What are Common Types of Leadership?
How do various leadership styles perform? How does somebody develop a style of leadership?
There are a number of leadership types that have been observed and studied, as you certainly know. Authorities and experts have several common systems for classifying these different styles.
All the classification systems of leadership below are valid and offer some guidance from which a leader can learn. Look at the several classification systems below, and consider which one best suits your needs and your situation.
“Most of the work that is accomplished is not yours, it’s the work of others. The leader who can be the coach, coordinator, and cheerleader will be successful in today’s business environment.”
(Ed Rehkopf, Leadership on the Line)
Some authorities say leadership consists of three styles:
• Authoritarian or autocratic – this is the commanding style—“Do as I say, because I am the boss.” This style is based on the power of the position.
• Democratic or participative (sometimes called authoritative) – this is the style that includes participation and greater equality between leader and followers. This leader asks, “What do you think?” and may make some decisions by majority rule.
• Laissez-faire or free reign – this style is unengaged in leadership, and simply lets people do their own thing with the leader exerting few controls.
The free reign style can be good or bad, depending on whether the followers are high performers or not. Good performers need free reign to perform best, but for beginners and marginal performers this style is completely ineffective.
Some authorities say leadership can be categorized into two styles:
• Transactional – focused on operations or the “business” of the organization. This leadership goal is to maintain the status quo. In this conception leadership rests on the unspoken agreement between leader and employee, in which the leader is “in charge,” and the employee, by accepting the job, agrees to that fact.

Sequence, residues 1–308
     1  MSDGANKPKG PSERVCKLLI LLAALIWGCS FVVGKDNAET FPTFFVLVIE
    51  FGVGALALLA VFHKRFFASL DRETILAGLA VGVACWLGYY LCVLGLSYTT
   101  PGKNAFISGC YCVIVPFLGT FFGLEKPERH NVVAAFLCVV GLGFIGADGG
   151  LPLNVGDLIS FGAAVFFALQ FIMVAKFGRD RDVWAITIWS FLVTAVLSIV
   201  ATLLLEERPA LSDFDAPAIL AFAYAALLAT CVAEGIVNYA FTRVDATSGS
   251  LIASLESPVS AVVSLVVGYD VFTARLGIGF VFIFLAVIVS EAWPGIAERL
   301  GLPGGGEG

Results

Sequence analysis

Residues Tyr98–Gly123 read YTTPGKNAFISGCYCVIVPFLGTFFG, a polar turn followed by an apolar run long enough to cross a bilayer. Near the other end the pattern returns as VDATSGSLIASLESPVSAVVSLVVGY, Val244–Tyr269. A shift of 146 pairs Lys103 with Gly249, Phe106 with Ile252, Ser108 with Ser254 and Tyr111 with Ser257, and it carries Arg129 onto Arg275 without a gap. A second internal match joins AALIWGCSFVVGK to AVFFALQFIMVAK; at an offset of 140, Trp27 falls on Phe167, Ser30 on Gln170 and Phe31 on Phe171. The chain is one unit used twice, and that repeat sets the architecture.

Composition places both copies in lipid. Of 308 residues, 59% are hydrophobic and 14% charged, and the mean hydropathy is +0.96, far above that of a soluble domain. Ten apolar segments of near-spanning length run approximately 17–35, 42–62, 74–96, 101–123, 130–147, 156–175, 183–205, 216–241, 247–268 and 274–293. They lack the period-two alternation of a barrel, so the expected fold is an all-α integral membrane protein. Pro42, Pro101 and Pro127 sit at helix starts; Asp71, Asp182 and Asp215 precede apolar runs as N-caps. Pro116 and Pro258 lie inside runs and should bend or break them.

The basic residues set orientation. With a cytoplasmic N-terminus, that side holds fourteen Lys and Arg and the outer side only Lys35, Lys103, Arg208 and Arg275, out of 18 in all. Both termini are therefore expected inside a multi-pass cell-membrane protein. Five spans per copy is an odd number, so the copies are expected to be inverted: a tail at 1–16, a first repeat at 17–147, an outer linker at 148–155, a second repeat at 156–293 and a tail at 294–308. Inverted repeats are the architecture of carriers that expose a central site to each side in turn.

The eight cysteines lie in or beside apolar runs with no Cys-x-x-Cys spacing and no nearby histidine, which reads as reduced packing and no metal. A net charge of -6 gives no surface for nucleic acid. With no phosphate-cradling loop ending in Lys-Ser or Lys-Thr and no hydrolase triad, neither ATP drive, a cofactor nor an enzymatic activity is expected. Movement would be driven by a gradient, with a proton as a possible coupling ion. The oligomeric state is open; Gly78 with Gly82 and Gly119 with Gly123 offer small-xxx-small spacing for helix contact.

• Transformational - focused on creating a new and shared vision of the future. How do we get from where we currently are to where we need to be? The status quo is no longer enough. This style seeks to transform the organization.
This classification of leadership types is based on the work of Paul Hersey and Ken Blanchard and is well-respected. They believe that leaders should be able to move back and forth between four styles, based on the needs of the follower and the situation itself.
S(Style)1 – Telling or Directing; leader makes decisions and communication is primarily one-way.
S2 – Selling or Coaching; leader involves followers in offering ideas but leader still makes decisions.
S3 – Participating or Supporting; leader allows followers to have an increasing say in decisions but provides coordination and guidance.
S4 – Delegating; leader allows capable others to perform largely on their own and make their own decisions.
Hersey and Blanchard say that all of these styles are appropriate and necessary under particular conditions. A good leader uses all these styles and at the correct times.
Other Common Leadership Styles:
Several other common leadership styles have been widely studied. Two of them are: Servant leadership and bureaucratic leadership.
The style called servant leadership is based on a term coined by Robert Greenleaf in the 1970s. This refers to anyone (whether having a formal leadership title or not) who leads by meeting the needs of others or of his or her team. This leadership style is based on strong values and personal integrity. It’s quiet, without fanfare.
This type can be defined as “by the book” leadership. This leader focuses on policy and procedures and seeks to keep things fair and well-organized.
The RIGHT Leadership Style...?
Many experts believe there is no one “right” leadership type or style.
While this is partly true, if there is one default style of leadership that is most effective in today’s organizational environment it is probably something resembling "participative."
The visionary style, especially when it includes democratic and participative elements, is also nearly always effective.
Review the most effective styles for the 21st century here.
In the early years of an organization’s development the leader may need to be somewhat more authoritative and directive (not authoritarian. See above definitions.) – providing a fair and just source of answers and boundaries. This leadership type at this juncture helps provide stability and lays the foundation for growth.
As the organization matures, followers can increasingly participate in setting goals and solving problems. A laissez-faire style, or delegating style, is more appropriate as the organization matures and followers learn and grow.
Your leadership style does not have to be based merely on your personality – you can choose a style. You can and should further develop your ability to use various leadership styles.
Create an inclusive style, a style that you can vary. Try new behaviors and techniques, depending on what the situation calls for and what fits with your personality and your values.